A Catholic Take welcomes Joe Pojman, Ph.D. of @TXAlliance4Life to discuss one year since the overturning of Roe v. Wade. Then we’re joined by Jordan Pacheco of the Glad Trad Podcast to tackle divorce from a Catholic perspective.
Texas Alliance for Life Communications Director Amy O’Donnell said the timing of this law fits with the first anniversary of the Supreme Court overturning Roe v. Wade.
“Texas recognizes that we have to do more because there will be even more births in our state as we’ve seen,” O’Donnell said.
Attorney General Ken Paxton and Texas Medical Board Executive Director Stephen Brint Carlton are named defendants in the case. The offices of Paxton and Brint Carlton did not respond to a request for comment.
Paxton has previously said he will continue to defend “the pro-life laws of Texas and the lives of all unborn children.”
The Texas Alliance for Life, a statewide anti-abortion organization, responded to the Zurawski case when it was filed in March via a public statement.
The organization said Texas law is “carefully crafted” to allow doctors to treat pregnant people with life-threatening conditions without risk of criminal or civil liability.
“Texas Alliance for Life supports clarification of the medical emergency exception language within Texas’ pro-life laws,” the Alliance for Life said in the statement. “That clarification needs to come in the same way doctors are educated about other legislation affecting their practice in Texas.”
“I can’t help but reflect with joy on this decision that allowed Texas to protect life beginning at conception. Outside of emergency medical exceptions, the number of abortions in Texas has dropped down to zero. We absolutely believe that it’s saving lives. We celebrate every life that has been saved in Texas as a result of our pro-life laws,” Amy O’Donnell, communications director at Texas Alliance for Life, said.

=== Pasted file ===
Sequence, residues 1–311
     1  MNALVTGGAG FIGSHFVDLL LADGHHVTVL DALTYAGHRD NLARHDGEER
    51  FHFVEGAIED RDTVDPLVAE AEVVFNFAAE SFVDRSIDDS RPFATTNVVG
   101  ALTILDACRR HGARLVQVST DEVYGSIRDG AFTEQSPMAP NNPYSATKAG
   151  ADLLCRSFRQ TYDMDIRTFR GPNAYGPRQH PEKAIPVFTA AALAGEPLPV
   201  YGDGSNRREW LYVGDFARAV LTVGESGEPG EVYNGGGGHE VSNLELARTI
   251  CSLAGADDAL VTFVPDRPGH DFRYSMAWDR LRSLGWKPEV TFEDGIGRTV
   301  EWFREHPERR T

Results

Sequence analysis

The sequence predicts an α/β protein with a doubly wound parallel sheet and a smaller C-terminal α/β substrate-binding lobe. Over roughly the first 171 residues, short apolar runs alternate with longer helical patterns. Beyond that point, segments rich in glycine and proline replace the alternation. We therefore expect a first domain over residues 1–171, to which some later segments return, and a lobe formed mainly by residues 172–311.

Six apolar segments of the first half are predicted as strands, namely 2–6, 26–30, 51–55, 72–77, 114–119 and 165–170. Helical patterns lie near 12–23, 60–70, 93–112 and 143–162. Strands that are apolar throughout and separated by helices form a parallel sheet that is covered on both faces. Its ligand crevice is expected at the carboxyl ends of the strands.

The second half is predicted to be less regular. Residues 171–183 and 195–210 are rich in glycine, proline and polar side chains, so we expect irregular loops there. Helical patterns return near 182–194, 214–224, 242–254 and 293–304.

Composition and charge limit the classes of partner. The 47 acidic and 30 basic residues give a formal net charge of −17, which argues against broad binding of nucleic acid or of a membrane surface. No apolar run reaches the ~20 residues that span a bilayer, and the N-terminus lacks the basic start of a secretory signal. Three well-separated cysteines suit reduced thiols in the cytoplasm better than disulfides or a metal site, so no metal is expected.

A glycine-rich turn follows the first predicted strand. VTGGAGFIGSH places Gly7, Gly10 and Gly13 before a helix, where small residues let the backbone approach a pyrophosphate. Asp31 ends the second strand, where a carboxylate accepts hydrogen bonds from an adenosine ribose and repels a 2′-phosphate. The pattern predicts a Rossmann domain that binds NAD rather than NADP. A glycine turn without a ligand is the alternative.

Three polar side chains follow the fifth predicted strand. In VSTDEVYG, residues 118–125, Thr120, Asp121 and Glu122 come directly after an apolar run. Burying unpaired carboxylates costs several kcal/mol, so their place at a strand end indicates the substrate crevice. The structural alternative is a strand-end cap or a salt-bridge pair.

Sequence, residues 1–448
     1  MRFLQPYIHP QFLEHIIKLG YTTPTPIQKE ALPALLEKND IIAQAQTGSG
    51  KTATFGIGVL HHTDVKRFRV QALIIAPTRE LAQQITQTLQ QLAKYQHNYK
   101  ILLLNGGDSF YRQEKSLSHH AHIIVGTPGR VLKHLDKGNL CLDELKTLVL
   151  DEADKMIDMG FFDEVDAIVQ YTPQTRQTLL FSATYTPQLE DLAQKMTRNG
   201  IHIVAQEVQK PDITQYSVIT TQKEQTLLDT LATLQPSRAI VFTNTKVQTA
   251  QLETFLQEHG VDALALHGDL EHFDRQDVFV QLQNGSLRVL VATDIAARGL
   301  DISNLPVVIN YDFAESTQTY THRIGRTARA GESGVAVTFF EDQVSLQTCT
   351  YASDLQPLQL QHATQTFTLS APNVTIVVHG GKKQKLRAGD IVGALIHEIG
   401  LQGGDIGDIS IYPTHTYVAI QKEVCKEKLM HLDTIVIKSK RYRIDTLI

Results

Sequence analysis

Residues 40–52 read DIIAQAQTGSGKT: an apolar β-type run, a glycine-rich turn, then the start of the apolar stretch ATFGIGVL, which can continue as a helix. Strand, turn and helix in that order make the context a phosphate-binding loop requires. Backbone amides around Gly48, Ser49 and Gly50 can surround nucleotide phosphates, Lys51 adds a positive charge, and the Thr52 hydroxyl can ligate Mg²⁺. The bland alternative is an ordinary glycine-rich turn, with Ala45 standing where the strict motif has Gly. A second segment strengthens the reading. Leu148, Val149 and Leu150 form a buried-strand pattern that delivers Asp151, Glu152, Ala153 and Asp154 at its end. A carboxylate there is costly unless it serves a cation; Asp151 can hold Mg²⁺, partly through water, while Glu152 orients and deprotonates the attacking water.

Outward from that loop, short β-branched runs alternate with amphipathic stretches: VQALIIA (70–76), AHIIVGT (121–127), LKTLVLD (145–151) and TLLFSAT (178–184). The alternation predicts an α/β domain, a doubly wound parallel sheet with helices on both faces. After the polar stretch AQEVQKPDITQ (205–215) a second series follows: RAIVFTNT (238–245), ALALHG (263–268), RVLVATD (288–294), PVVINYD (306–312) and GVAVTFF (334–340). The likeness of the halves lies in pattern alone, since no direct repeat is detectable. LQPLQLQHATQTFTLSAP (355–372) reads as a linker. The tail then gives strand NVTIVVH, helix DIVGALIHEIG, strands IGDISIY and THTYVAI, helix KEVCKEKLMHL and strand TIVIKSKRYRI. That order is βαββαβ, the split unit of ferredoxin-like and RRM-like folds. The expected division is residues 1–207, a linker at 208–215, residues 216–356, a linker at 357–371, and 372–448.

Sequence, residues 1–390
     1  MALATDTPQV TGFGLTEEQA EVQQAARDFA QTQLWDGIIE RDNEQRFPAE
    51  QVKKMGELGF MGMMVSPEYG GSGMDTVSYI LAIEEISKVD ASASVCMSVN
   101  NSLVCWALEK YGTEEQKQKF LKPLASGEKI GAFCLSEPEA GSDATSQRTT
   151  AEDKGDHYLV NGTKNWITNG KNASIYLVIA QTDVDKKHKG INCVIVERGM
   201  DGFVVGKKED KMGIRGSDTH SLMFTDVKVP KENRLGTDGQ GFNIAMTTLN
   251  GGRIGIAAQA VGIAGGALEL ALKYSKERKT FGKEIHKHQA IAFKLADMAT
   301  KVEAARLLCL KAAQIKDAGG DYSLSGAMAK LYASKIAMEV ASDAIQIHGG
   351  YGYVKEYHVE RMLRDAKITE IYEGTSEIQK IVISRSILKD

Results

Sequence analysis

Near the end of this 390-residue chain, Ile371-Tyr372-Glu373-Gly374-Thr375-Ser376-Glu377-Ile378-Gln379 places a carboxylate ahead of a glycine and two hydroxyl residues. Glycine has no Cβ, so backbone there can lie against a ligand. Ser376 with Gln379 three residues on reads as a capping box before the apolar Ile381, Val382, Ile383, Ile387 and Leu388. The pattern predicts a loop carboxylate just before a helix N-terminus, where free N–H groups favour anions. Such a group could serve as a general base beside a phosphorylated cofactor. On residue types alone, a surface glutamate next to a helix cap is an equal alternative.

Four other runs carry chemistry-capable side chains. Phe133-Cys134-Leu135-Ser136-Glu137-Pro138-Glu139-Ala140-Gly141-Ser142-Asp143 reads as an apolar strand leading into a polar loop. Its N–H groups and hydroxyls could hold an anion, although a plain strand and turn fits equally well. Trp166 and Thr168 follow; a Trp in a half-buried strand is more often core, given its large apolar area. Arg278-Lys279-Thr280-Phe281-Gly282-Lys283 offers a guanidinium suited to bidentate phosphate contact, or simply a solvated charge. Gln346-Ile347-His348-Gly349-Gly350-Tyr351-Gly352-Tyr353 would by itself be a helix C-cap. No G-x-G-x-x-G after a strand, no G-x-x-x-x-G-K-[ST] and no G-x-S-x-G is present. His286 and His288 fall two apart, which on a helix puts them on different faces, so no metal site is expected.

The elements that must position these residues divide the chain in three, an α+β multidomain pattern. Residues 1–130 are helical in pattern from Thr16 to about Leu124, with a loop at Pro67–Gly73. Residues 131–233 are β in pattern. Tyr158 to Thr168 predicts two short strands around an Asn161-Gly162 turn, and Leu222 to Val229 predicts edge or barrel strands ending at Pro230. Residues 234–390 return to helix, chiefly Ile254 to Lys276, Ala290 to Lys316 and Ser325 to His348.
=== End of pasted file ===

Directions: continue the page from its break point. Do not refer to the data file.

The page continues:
She said her organization works with pregnancy centers across the state that provide support and assistance for women who choose to move forward with their pregnancy and give birth to their children.
“One thing we have worked on, which is really no different than what we’ve focused on in the past, is to educate Texans about the vast resources that Texas offers women. There’s resources to specifically help low-income women and women facing unplanned pregnancies,” O’Donnell, said. “We believe in the value of protecting lives conceived even in rape or babies diagnosed with disabilities in their mother’s wombs.”
O’Donnell believes the language in the Human Life Protection Act is clear when it comes to the exceptions that can be made for abortions, but acknowledges there could be more clarification on the law.
My Legislative Highlights
My goal for this session was to pass strong, conservative legislation that ensures that the Texas Miracle lives on. Below are a couple of bills that I either authored or sponsored that are now on Gov. Abbott’s desk waiting to be signed into law.
HB 3162 restores life-affirming values in healthcare by amending the Texas Advance Directives Act to revise provisions related to life-sustaining treatment and DNR orders for patients who are incompetent or mentally/physically incapable of communication. Current law allows a Hospital committee to withdraw a patient’s basic life-sustaining treatment with a 10-day notice. This bill will extend the period to twenty-five days and provides for a seven-day notice, giving patients and their families time to transfer to a different physician or facility that will respect their decision. It was an honor to work on this legislation with Representative Klick, Texas Right to Life, Texas Alliance for Life, and Texans for Life Coalition.
Texas’s Alternatives to Abortion (A2A) program will receive $140 million over the 2024-2025 biennium, a 40% percent increase from the current cycle.
Joe Pojman, PhD, executive director for the Texas Alliance for Life, told State of Reform the organization was pleased with the expanded support for the program, saying the passage of SB 24 will ensure its continuation now as the Thriving Texas Families (TTF) program.
“Now the [A2A] program is going to be [on a] statutory basis,” Pojman said. “The executive commissioner of HHSC will promulgate rules for a variety of things like outcome measures for how well the contractors are performing—according to what the department sees. It also more closely links [TTF] with other programs that the state has so it’s easier for those clients to access them. It’s more natural for the providers to link and refer the clients to [the Medicaid program].”